DPL » Topics » Air and Water Quality

This excerpt taken from the DPL 10-Q filed Nov 1, 2006.

Air and Water Quality

On December 17, 2003, the United States Environmental Protection Agency (USEPA) proposed the Interstate Air Quality Rule (IAQR) designed to reduce and permanently cap sulfur dioxide (SO2) and nitrogen oxide (NOx) emissions from electric utilities.  The proposed IAQR focused on states, including Ohio, whose power plant emissions are believed to be significantly contributing to fine particle and ozone pollution in other downwind states in the eastern United States.  On June 10, 2004, the USEPA issued a supplemental proposal to the IAQR, now renamed as the Clean Air Interstate Rule (CAIR).  The final rules were signed on March 10, 2005 and were published on May 12, 2005.  On August 24, 2005, the USEPA proposed additional revisions to the CAIR and initiated reconsideration on one issue.  On March 15, 2006, the USEPA announced it had completed its review of the requests for reconsideration and determined that it would propose no changes to CAIR and denied the requests for stay.  We have determined that CAIR requirements will have a material effect on our operations, requiring the installation of flue gas desulfurization (FGD) equipment and continual operation of the currently-installed Selective Catalytic Reduction (SCR) equipment.  As a result, DP&L is proceeding with the installation and has begun the construction of FGD equipment at various generating units.

On January 30, 2004, the USEPA published its proposal to restrict mercury and other air toxins from coal-fired and oil-fired utility plants.  The final Clean Air Mercury Rule (CAM-R) was signed March 15, 2005 and was published on May 18, 2005. The final rules will have a material effect on our operations.  We anticipate that the FGDs being installed to meet the requirements of CAIR may be adequate to meet the Phase I requirements of CAM-R. We expect that additional controls will be needed to meet the Phase II requirements of CAM-R that go into effect January 1, 2018.  On March 29, 2005, nine states filed lawsuits against USEPA, opposing the regulatory approach taken by USEPA.  On March 31, 2005, various groups requested that USEPA stay implementation of CAM-R.  On August 4, 2005, the United States Court of Appeals for the District of Columbia denied the motion for stay.  On October 21, 2005, USEPA initiated reconsideration proceedings on a number of issues.  On May 31, 2006, USEPA took final action on CAM-R essentially reaffirming its original rulemaking.

Under the CAIR and CAM-R cap and trade programs for SO2, NOx and mercury, we estimate we will spend more than $465 million from 2006 through 2008 to install the necessary pollution controls.  If CAM-R litigation results in plant specific mercury controls, our costs may be higher.  Due to the ongoing uncertainties associated with the litigation of the CAM-R, we cannot project the final costs at this time.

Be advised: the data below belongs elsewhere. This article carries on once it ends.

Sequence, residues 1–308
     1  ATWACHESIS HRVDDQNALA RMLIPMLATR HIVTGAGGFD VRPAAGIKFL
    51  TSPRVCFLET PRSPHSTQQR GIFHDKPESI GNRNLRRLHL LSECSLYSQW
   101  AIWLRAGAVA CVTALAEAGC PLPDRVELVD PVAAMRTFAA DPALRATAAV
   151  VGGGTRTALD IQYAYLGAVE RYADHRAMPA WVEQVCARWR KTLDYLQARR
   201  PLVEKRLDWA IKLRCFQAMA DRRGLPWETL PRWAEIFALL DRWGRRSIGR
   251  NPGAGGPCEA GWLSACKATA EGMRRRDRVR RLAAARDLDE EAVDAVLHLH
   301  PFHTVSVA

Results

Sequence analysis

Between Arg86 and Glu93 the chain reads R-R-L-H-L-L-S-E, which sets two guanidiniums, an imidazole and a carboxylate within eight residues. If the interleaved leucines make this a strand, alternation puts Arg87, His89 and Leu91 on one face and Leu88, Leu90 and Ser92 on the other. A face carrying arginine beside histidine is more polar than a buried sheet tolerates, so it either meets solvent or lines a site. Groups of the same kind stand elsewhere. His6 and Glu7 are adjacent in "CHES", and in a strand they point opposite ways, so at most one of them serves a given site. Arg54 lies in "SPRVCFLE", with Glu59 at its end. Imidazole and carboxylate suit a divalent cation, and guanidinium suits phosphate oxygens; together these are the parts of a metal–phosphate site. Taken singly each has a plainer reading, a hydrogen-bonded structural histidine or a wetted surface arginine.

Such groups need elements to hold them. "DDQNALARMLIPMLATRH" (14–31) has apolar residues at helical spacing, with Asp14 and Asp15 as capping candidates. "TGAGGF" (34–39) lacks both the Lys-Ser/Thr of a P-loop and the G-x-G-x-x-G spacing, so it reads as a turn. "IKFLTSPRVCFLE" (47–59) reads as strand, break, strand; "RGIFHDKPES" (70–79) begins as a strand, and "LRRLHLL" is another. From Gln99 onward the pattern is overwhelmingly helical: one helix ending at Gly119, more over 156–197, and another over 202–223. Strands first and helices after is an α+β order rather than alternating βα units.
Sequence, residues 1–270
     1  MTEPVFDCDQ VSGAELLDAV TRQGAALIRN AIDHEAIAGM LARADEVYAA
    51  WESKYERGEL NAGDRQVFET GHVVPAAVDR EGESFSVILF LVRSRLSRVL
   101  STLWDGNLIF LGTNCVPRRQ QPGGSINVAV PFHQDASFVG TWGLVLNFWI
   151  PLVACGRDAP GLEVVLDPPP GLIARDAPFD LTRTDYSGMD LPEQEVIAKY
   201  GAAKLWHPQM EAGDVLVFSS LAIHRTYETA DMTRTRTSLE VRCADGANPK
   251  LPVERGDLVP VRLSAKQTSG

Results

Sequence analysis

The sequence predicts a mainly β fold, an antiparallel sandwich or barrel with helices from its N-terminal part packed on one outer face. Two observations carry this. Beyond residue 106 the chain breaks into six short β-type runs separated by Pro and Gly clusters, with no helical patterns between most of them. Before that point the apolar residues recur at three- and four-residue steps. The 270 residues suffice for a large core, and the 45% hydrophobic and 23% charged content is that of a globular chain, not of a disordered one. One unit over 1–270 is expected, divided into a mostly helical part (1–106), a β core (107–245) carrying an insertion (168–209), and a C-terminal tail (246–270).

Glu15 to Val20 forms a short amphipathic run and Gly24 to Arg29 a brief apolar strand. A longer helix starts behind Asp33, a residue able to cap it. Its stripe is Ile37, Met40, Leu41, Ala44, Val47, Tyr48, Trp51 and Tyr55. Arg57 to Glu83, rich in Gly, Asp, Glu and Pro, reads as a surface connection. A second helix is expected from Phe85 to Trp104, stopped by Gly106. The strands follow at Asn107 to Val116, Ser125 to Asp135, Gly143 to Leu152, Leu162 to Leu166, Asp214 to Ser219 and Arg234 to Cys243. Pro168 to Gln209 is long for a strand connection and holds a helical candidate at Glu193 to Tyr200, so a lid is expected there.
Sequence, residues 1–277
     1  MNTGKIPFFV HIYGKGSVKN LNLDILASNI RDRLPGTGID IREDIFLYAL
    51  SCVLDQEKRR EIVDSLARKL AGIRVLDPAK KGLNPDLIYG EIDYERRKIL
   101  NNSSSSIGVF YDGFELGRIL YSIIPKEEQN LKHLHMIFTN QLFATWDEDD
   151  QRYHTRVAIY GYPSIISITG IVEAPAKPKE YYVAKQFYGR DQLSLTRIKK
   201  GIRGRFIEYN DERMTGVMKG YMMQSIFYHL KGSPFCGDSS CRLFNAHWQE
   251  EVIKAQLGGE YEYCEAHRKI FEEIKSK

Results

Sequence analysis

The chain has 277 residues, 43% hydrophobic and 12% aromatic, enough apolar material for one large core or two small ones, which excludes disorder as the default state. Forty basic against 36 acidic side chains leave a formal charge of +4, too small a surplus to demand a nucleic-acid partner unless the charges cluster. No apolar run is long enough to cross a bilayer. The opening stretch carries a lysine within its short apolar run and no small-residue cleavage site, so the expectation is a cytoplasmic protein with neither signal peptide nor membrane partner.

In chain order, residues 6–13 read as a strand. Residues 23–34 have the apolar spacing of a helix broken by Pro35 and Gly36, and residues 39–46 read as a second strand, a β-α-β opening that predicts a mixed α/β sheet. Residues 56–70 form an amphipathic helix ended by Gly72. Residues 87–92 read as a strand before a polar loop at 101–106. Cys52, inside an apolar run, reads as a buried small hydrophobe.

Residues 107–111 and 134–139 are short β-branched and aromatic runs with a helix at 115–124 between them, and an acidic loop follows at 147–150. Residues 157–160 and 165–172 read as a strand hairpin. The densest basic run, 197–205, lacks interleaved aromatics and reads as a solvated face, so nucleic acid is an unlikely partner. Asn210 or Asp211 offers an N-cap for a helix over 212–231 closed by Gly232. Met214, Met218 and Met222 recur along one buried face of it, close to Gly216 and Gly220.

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This excerpt taken from the DPL 10-Q filed Aug 2, 2006.

Air and Water Quality

On December 17, 2003, the USEPA proposed the Interstate Air Quality Rule (IAQR) designed to reduce and permanently cap sulfur dioxide (SO2) and nitrogen oxide (NOx) emissions from electric utilities.  The proposed IAQR focused on states, including Ohio, whose power plant emissions are believed to be significantly contributing to fine particle and ozone pollution in other downwind states in the eastern United States.  On June 10, 2004, the USEPA issued a supplemental proposal to the IAQR, now renamed as the Clean Air Interstate Rule (CAIR).  The final rules were signed on March 10, 2005 and were published on May 12, 2005.  On August 24, 2005, the USEPA proposed additional revisions to the CAIR and initiated reconsideration on one issue.  On March 15, 2006, the USEPA announced it had completed its review of the requests for reconsideration and determined that it would propose no changes to CAIR and denied the requests for stay.  We have determined that CAIR requirements will have a material effect on our operations, requiring the installation of FGD equipment and continual operation of the currently-installed Selective Catalytic Reduction (SCR) equipment.  As a result, DP&L is proceeding with the installation and has begun the construction of FGD equipment at various generating units.

On January 30, 2004, the USEPA published its proposal to restrict mercury and other air toxins from coal-fired and oil-fired utility plants.  The final Clean Air Mercury Rule (CAM-R) was signed March 15, 2005 and was published on May 18, 2005. The final rules will have a material effect on our operations.  We anticipate that the FGDs being installed to meet the requirements of CAIR may be adequate to meet the Phase I requirements of CAM-R. We expect that additional controls will be needed to meet the Phase II requirements of CAM-R that go into effect January 1, 2018.  On March 29, 2005, nine states filed lawsuits against USEPA, opposing the regulatory approach taken by USEPA.  On March 31, 2005, various groups requested that USEPA stay implementation of CAM-R.  On August 4, 2005, the United States Court of Appeals for the District of Columbia denied the motion for stay.  On October 21, 2005, USEPA initiated reconsideration proceedings on a number of issues.  On May 31, 2006, USEPA took final action on CAM-R essentially reaffirming its original rulemaking.

Under the CAIR and CAM-R cap and trade programs for SO2,, NOx and mercury, we estimate we will spend more than $465 million from 2006 through 2008 to install the necessary pollution controls.  If CAM-R litigation results in plant specific mercury controls, our costs may be higher.  Due to the ongoing uncertainties associated with the litigation of the CAM-R, we cannot project the final costs at this time.

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This excerpt taken from the DPL 10-Q filed May 4, 2006.

Air and Water Quality